Sunday, October 27, 2013

Time and measurement

Quick aside: We almost didn't notice it, but this week we passed our ninth anniversary of landing in Canada. Nine years! It feels unreal. So much has happened in that time.

Earlier on in the summer, I did a couple of posts about the business side of this tangled mess we call "writing".

I'm a bit of a measurement freak, and I firmly believe that you can't hope to manage something unless you measure it somehow. One thing I want to manage better is time. Your own time is a huge investment. In the writing world, it is probably the biggest single raw resource you consume in producing your finished product.

I can't imagine any serious business surviving without some reasonable understanding of how much time it takes to do things, so I've built this handy little spreadsheet that acts like a stopwatch. Click on the "start" and "stop" buttons and it adds the time into a running total against whichever task I've got selected.

This is my first step to getting a handle on things in a more businesslike way.

What I've learned so far

Since July, with all the demands of Real Life, I've averaged only 45 minutes a day on writing-related activities.

Note that none of this was actual writing. Right now I'm not in writing mode, I'm in between critiquing and revising and I'm including all the multitude of roles that wrap themselves around the writing process.

The lion's share of this effort has been pushing through the critiquing process. Most of the rest was on drafting cover art.

The bad news is that, at 45 minutes a day, getting anything done is a long process.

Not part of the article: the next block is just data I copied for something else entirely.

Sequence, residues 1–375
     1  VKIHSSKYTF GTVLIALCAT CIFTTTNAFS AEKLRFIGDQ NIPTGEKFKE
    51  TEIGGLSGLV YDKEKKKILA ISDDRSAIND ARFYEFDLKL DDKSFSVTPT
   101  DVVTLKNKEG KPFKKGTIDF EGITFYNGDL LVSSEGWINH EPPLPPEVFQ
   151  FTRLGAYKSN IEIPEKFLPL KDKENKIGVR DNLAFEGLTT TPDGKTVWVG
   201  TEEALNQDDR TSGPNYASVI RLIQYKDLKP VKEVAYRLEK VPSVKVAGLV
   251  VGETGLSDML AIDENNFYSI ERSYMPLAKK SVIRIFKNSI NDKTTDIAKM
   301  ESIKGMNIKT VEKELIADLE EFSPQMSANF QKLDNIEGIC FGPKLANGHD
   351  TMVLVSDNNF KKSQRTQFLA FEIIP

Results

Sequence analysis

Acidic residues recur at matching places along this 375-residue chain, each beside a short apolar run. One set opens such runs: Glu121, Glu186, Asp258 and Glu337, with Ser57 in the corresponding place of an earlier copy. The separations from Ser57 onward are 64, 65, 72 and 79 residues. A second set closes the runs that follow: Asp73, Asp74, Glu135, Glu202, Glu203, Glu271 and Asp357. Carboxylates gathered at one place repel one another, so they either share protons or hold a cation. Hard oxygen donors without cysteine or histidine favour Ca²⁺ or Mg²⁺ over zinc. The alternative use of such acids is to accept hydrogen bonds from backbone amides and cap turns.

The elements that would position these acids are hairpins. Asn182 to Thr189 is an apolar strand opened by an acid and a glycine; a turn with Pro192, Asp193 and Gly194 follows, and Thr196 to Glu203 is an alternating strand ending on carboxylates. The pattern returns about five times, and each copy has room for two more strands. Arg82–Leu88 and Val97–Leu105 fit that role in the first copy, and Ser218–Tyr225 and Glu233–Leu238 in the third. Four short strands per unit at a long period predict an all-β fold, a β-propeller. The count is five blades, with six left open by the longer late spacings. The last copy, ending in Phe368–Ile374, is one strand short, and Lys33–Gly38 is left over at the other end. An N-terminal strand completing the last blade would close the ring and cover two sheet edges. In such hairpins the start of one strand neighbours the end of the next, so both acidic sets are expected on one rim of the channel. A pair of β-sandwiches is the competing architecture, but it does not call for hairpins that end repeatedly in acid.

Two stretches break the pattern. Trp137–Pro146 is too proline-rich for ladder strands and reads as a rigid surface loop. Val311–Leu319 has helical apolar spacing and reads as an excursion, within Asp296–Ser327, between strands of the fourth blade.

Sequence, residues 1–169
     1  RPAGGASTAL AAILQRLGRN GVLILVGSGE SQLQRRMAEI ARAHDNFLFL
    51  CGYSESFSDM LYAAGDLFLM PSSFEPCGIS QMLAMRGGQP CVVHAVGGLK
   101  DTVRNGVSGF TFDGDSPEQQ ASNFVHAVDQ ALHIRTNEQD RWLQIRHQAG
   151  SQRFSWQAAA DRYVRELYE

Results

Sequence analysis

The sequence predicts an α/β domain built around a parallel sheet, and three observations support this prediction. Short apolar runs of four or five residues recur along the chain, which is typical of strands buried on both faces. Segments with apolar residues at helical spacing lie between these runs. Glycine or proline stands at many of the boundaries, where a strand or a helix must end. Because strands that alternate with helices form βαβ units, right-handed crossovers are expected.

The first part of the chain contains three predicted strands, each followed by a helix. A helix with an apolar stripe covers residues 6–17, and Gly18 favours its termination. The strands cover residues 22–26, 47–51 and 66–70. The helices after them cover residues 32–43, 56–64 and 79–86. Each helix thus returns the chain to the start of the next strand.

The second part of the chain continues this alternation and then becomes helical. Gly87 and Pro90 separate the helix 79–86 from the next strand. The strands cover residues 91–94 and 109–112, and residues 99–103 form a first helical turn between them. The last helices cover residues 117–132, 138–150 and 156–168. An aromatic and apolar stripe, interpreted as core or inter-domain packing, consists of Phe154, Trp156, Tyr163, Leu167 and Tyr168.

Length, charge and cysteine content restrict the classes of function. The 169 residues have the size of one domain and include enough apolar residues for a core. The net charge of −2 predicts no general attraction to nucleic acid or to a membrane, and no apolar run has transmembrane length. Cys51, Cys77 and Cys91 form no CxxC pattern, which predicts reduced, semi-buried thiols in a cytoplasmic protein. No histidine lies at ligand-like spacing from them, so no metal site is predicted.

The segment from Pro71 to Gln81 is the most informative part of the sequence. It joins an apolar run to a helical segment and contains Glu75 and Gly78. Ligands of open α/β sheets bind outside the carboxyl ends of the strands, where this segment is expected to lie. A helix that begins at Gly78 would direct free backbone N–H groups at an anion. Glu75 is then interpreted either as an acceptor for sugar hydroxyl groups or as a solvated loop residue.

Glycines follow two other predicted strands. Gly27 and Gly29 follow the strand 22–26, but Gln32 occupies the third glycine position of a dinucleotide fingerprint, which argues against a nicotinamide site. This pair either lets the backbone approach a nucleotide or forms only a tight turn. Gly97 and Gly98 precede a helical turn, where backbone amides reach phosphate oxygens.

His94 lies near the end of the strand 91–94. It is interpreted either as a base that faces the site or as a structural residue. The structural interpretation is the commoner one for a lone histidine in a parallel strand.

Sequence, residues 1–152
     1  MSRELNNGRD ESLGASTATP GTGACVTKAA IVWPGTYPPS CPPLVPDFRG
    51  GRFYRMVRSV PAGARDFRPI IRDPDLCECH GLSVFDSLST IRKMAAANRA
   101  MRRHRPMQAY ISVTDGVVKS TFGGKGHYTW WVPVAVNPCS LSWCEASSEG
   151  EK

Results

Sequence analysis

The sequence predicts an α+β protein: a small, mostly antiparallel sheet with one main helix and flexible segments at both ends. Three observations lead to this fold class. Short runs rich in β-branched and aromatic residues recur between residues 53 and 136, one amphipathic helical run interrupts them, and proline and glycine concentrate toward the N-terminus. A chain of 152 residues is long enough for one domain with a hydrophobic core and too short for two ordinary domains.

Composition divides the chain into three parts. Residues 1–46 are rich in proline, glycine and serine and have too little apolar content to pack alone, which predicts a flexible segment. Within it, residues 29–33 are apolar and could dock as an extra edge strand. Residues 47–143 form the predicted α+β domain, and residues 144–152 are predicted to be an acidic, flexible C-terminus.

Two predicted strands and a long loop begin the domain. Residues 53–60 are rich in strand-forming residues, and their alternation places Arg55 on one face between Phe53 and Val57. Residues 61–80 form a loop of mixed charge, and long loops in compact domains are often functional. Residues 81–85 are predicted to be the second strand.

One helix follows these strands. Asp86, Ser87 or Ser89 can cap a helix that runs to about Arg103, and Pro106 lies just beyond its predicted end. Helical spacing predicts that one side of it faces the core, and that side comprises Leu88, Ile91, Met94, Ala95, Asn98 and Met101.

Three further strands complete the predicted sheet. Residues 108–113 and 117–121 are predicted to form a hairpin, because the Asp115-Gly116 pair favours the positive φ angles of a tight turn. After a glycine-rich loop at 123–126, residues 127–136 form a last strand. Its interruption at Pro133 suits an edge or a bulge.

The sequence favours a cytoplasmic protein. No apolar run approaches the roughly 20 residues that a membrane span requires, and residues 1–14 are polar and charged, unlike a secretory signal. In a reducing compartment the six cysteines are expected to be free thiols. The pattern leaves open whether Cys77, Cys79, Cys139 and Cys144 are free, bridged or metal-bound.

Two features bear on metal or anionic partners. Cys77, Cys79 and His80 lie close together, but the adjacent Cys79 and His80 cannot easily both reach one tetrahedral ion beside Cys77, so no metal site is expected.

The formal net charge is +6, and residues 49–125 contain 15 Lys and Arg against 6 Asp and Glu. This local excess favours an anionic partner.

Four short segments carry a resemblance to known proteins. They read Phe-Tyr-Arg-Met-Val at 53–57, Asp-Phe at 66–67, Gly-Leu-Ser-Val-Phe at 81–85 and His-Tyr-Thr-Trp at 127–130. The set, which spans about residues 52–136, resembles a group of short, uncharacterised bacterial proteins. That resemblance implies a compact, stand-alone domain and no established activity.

The good news is that I can better see what needs to be done, and gauge the success of any strategies I come up with for spending more time on writing.

4 comments:

  1. Whether 45 mins a day or 4 hours, the important thing is that you're doing it EVERY day. Or near enough. Consistency, I find, is key with writing. Even a little a day adds up to a lot in just a few short months, if you're chipping away at it virtually every single day.

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  2. Interesting that you measured time spent. I usually only measure output for writing. Sometimes, I measure time spent on editing, but mainly I don't. :-D

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  3. David, consistency is certainly important. Admittedly it was enough to get me two full novels written, and this insight will hopefully give me some targets for improvement. A part of it (I shamefully admit) is more about motivation than actual time.

    Misha, I also measure output when I'm writing. Having a word goal and charting progress helps keep me moving. Right now I'm more curious to understand some of the other aspects - how long does it take to edit a novel, for example? I have no idea, which makes planning ahead a bit tricky.

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  4. Hi Ian .. congratulations on 9 years in Canada ...

    Time is very precious ... cheers Hilary

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